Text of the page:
Bombers left a trail of carnage across central London yesterday as the capital became the front line in the war against terror.
Four huge bombs left people dead, dying and horribly maimed in a "barbaric" series of coordinated attacks carried out on the city's transport network without warning.
One police source indicated that 41 people had perished and 95 were seriously injured.
Scotland Yard officially confirmed that at least 37 people were killed and there were 700 casualties, 300 of whom were taken to hospital by ambulance.
Death and destruction rolled across central London in 60 terrifying minutes as world leaders sat down to business in Scotland at the G8 summit.
Seven people died in the first blast in a Tube tunnel 100 yards from Liverpool Street Station, 21 died in a blast between King's Cross and Russell Square, and seven died at Edgware Road station in an explosion involving three trains.
Exactly 30 minutes after the Edgware Road blast, a bomb tore the roof off a double decker bus packed with commuters forced above ground after the Tube network had been shut down.
Hospitals were deluged with hundreds of people suffering with blast injuries and doctors and paramedics battled to save the most critically injured on streets and Tube train platforms.
Tony Blair pledged that Britain would not be intimidated by the terrorists and promised intense police and security service action to bring the bombers to justice.
He said: "They are trying to use the slaughter of innocent people to cow us, to frighten us out of doing the things that we want to do, trying to stop us from going about our business as normal, as we are entitled to do and they should not and they must not succeed.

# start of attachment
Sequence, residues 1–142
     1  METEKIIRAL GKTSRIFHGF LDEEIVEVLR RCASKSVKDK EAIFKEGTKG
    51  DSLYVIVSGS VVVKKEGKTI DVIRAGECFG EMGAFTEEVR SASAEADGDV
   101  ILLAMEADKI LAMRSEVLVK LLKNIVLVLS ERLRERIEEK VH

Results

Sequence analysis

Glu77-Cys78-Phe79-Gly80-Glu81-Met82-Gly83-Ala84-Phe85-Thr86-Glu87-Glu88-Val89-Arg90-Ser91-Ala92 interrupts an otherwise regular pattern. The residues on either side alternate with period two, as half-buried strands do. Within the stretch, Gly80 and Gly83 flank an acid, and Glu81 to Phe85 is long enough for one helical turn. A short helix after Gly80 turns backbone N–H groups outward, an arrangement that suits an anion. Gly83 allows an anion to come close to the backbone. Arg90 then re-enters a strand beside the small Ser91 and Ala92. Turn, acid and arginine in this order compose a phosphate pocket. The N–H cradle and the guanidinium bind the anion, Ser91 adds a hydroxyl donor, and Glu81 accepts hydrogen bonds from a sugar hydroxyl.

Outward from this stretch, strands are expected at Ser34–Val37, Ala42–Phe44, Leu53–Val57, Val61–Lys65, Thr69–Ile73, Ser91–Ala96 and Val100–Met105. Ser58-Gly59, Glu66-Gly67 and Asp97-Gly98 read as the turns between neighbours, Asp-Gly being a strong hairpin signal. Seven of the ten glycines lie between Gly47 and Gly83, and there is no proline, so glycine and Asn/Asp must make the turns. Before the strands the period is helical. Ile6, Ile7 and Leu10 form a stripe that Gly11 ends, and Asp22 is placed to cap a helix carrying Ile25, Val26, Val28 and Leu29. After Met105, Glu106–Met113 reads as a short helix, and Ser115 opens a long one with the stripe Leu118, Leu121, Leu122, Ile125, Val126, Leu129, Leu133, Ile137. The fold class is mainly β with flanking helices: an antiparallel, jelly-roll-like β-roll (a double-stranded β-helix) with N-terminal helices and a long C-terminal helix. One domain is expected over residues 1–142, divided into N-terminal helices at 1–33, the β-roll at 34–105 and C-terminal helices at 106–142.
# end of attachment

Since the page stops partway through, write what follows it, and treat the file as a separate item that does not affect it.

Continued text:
"When they try to intimidate us, we will not be intimidated. When they seek to change our country or our way of life by these methods, we will not be changed."
He added: "The purpose of terrorism is just that. It is to terrorise people and we will not be terrorised."
A group calling itself the Secret Organization Group of al Qaida of Jihad Organization in Europe claimed responsibility for the attacks on an Islamic website.
It read: "O nation of Islam and nation of Arabism: Rejoice for it is time to take revenge from the British Zionist Crusader Government in retaliation for the massacres Britain is committing in Iraq and Afghanistan.
"The heroic mujahidin have carried out a blessed raid in London. Britain is now burning with fear, terror, and panic in its northern, southern, eastern, and western quarters."
The outrage echoed the al Qaida assault on Madrid commuters in 2004 in which almost 200 people died.
The blasts were initially blamed on a power surge but it soon became clear that it was a co-ordinated attack on the capital.
The explosions were condemned by all G8 leaders as "barbaric".
Speaking at Gleneagles, President George W Bush vowed that the terrorists would be brought to justice.
The Queen spoke of her shock at the "dreadful events". Buckingham Palace said she would be making a visit today to meet people involved in the tragedy to express her support.
But Respect MP George Galloway said Londoners had "paid the price" for Tony Blair's decision to go to war in Iraq and Afghanistan.
He called on the Prime Minister to withdraw the British troops from Iraq in order to remove people in the UK from "harm's way".
* Scotland Yard has issued the following casualty hotline number: 0870 1566 344.